Our gov’t, the petrodollar and gold: There’s more than meets the eye

When foreign nations and entities threaten to move off the petrodollar, when they hint at backing their currency with gold, why does the U.S. government so staunchly defends the status quo?

petrodollar gold status quo

It appears that another attempt to remonetize gold is afoot, and you won’t believe who is behind it: ISIS.

Reports are circulating that ISIS intends to bring back the gold dinar, in its ancient real gold form. And it seems like they might actually have the bullion to do it, especially since last June, when they robbed banks across Mosul including the central bank of Iraq. They also net a reported $1 million every day from black market oil sales. Between all that, they might just have enough gold to make a go of a gold-backed currency, rumored to get started within weeks.

Remember, the last person to push for a gold dinar as currency was Muammar Gaddafi. That didn’t quite work out for him…

Why does it seem that the most unsavory, evil people in the world often favor gold as money?

Gold is a big threat to the Federal Reserve, and indeed to fiat currency vomiting banks everywhere. It represents protection and security from monetary policy hijinks that those in charge of currencies engage in. It is stiff competition to the printing press, and in the currency race to the bottom, it is the only thing holding banks accountable at all. People like to compare one currency to another. You’ll hear that the dollar strengthened against the ruble one day, weakened against the yuan the next, but when everyone is printing like mad, all these comparisons are a little bit meaningless. It’s the purchasing power of gold that really opens one’s eyes as to what they are really doing.

This is why the Fed and big banks work so hard to keep the price of gold suppressed. They don’t want their sins to be so obvious. They don’t want people to abandon their currencies and cling instead to gold. That takes all their power away.

When someone with any kind of power talks about undermining the dollar – and especially the petrodollar – that’s when they really make headlines. There are plenty of nasty people in the world; why does the U.S. always seem to get involved with those nasty people? Saudi Arabia has beheaded at least 59 people publicly just this year as capital punishment. And they are also our closest Arab ally. So can it really only be the beheadings that are motivate U.S. government military actions?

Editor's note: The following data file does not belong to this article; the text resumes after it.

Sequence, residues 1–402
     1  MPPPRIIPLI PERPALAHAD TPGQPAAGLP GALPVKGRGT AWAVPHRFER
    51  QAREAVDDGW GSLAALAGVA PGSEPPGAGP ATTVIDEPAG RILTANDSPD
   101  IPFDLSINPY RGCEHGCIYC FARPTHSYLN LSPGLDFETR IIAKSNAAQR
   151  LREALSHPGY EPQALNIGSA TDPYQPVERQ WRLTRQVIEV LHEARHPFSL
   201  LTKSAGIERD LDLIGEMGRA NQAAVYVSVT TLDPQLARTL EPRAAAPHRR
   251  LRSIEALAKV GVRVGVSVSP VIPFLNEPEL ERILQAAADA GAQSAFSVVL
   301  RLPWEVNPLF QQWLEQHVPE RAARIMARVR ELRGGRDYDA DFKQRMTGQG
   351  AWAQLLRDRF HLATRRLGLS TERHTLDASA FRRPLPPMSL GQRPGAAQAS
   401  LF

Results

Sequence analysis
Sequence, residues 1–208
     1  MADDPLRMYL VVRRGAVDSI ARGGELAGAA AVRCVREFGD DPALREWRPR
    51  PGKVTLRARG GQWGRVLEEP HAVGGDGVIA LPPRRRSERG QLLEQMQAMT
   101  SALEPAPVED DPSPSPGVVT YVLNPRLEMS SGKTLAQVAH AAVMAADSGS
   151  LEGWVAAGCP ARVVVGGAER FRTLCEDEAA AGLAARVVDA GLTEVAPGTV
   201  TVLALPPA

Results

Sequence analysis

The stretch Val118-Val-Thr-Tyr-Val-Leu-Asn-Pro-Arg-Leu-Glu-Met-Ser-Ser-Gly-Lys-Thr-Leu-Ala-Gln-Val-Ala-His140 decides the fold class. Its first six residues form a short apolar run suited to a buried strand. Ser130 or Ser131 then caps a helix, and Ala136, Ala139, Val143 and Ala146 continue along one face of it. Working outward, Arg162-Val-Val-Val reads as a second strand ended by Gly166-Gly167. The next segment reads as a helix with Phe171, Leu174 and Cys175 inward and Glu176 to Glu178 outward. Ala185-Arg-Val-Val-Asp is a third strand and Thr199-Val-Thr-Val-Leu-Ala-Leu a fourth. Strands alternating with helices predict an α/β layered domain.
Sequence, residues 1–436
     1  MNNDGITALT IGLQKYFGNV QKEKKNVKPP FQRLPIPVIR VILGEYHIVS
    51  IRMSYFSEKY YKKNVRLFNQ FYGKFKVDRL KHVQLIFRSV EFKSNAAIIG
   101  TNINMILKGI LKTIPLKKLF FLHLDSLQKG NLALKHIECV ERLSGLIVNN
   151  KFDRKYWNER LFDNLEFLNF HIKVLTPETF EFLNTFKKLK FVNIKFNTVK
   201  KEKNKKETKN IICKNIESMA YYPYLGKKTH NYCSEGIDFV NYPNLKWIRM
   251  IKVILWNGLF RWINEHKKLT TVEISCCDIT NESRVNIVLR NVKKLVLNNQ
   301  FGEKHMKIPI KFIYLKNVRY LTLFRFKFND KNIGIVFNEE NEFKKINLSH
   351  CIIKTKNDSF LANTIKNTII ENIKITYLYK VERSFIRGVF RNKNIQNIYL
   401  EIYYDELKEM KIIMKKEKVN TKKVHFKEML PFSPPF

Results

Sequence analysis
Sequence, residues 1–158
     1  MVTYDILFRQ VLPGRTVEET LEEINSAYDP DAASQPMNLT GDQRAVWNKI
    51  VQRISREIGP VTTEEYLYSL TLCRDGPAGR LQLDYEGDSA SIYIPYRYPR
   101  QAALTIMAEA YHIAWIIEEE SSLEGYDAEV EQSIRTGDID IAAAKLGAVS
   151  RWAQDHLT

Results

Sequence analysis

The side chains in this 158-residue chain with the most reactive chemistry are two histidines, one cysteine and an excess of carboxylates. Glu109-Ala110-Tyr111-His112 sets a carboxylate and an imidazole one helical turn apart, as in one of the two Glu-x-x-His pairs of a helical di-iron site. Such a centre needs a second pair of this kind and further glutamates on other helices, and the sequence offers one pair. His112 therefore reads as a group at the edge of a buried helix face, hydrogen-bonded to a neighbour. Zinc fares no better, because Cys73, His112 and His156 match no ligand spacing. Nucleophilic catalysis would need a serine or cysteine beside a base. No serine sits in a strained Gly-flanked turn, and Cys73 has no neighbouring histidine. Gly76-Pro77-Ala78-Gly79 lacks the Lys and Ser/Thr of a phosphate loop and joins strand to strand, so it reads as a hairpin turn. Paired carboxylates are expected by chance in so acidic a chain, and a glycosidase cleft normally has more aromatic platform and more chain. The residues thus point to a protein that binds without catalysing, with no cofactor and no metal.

A telling passage in Ellen Brown’s piece shortly after Gaddafi was captured and killed leads to some interesting questions:

“…[General Wesley Clark] says that about 10 days after September 11, 2001, he was told by a general that the decision had been made to go to war with Iraq. Clark was surprised and asked why. “I don’t know!” was the response. “I guess they don’t know what else to do!” Later, the same general said they planned to take out seven countries in five years: Iraq, Syria, Lebanon, Libya, Somalia, Sudan, and Iran.

What do these seven countries have in common? In the context of banking, one that sticks out is that none of them is listed among the 56 member banks of the Bank for International Settlements (BIS). That evidently puts them outside the long regulatory arm of the central bankers’ central bank in Switzerland.

The most renegade of the lot could be Libya and Iraq, the two that have actually been attacked. Kenneth Schortgen Jr., writing on Examiner.com, noted that “[s]ix months before the US moved into Iraq to take down Saddam Hussein, the oil nation had made the move to accept Euros instead of dollars for oil, and this became a threat to the global dominance of the dollar as the reserve currency, and its dominion as the petrodollar.”

So what will it look like when a rogue terrorist organization/terrorist state makes moves against the dollar by adopting a gold currency? One guess might be more war, and more propaganda to elicit whatever fear and horror is needed from a war-weary American people to somehow support more war. Another guess might be continued and even increased in demand for gold and silver.

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